Financial markets unshaken by tough Duterte rhetoric: Tetangco


Posted at Sep 06 2016 01:28 PM | Updated as of Sep 06 2016 05:27 PM

Philippine President Rodrigo Duterte (2nd R) arrives for the ASEAN Summit in Vientiane, Laos September 6, 2016. Soe Zeya Tun, Reuters

MANILA – (UPDATE) The currency and equities markets have been largely unaffected by President Rodrigo Duterte’s biting remarks and unclear policy pronouncements, Bangko Sentral ng Pilipinas Governor Amando Tetangco said Tuesday.

Duterte’s profanity-laden rebuke of US President Barack Obama forced the White House to cancel their meeting in Laos and over the weekend, his officials gave conflicting statements on the scope of a “state of lawlessness” that he declared after a deadly bombing in in Davao City.

Tetangco said news of a possible interest rate increase by the US Federal Reserve was influencing market movement, not Duterte’s recent pronouncements.

“We have not seen any negative market reaction,” Tetangco told reporters.

“The market will be influenced more by what the Fed will do and what the other advanced economies will do. It’s gonna be more externally-driven at this point,” he added.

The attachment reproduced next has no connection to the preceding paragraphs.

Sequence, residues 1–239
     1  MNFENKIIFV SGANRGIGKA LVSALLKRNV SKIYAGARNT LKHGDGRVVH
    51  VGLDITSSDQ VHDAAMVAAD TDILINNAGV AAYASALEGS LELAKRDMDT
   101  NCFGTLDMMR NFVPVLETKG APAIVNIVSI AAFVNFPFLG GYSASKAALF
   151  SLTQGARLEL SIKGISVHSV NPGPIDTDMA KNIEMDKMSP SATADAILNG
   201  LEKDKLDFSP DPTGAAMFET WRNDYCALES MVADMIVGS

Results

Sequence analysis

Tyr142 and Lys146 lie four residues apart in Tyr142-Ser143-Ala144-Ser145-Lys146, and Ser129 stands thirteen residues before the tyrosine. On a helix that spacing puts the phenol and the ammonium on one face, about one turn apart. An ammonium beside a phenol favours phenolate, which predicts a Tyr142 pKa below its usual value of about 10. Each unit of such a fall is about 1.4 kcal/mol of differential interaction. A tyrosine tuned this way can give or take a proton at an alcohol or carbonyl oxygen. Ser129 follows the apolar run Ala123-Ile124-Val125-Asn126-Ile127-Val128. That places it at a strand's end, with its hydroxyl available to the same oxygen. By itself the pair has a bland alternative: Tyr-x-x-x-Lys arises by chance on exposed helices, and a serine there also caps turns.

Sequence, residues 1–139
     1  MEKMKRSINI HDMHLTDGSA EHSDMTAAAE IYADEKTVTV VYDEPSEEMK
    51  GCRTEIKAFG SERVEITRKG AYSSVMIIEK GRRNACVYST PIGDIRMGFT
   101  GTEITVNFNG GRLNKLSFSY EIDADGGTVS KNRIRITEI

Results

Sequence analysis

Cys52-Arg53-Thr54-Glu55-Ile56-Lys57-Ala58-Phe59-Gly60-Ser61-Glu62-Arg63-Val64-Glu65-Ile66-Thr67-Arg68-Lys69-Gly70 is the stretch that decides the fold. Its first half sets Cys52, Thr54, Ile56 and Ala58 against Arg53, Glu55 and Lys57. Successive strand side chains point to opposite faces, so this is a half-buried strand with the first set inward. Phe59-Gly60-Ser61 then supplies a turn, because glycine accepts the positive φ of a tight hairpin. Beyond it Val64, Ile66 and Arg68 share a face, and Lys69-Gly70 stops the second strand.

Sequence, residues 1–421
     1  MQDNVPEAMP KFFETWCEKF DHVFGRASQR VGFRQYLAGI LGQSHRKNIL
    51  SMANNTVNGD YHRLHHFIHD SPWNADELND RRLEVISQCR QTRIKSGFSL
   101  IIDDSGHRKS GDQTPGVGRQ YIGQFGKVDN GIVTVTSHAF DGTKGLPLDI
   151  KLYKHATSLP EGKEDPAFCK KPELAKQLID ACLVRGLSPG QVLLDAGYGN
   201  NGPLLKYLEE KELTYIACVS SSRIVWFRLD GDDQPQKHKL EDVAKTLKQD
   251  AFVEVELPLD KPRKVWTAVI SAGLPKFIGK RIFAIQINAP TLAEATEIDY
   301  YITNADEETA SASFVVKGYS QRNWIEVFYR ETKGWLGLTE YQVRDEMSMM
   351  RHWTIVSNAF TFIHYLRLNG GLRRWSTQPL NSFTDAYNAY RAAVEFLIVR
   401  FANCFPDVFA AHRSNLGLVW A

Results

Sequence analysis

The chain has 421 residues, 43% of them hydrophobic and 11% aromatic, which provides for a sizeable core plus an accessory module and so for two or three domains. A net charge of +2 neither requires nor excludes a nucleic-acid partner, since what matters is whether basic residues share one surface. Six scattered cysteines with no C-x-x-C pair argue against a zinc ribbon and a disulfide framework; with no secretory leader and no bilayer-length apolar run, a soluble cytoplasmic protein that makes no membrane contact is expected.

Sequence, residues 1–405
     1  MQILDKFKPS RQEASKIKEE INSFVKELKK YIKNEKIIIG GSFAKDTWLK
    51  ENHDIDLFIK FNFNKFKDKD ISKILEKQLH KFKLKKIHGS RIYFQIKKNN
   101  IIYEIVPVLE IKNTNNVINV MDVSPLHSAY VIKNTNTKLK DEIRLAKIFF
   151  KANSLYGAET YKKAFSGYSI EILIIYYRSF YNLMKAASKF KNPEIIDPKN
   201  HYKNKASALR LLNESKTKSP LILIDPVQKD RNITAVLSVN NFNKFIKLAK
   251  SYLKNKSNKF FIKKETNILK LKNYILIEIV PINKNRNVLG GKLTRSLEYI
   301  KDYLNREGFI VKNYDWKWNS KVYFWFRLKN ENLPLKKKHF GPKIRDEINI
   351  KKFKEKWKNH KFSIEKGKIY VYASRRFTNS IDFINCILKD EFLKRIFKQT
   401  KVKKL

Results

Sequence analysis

The Philippine Stock Exchange Index was down 0.63 percent to 7,715.55 while the peso averaged 45.594 in morning trade on Tuesday.

“What we would need is to explain better what the objectives of the policies of the government are,” Tetangco said.

Before he left for a working visit to Southeast Asian nations on Monday, Duterte signed a declaration of a “state of national emergency” due to “lawless violence.” His aides had differed over the weekend on whether it covered only Mindanao or the entire nation.

He also threatened to curse at Obama if the US leader raises his bloody war on drugs if they meet in Laos. Some 2,000 drug suspects have died since Duterte assumed office on June 30, raising alarm among human rights monitors.

The killings, the slur at Obama and the explosion have been on investors minds, and if left unaddressed, could affect the long term, said ING Bank Manila senior economist Joey Cuyegkeng.

"We believe that such political developments and concerns if unchecked would have more profound impact on markets and the economy," he said.

"For now, the impact is likely to be marginal and is likely to be offset with favorable macro-economic fundamentals - structural inflows, high FX reserves, strong domestic demand and monetary and fiscal leeway," he said.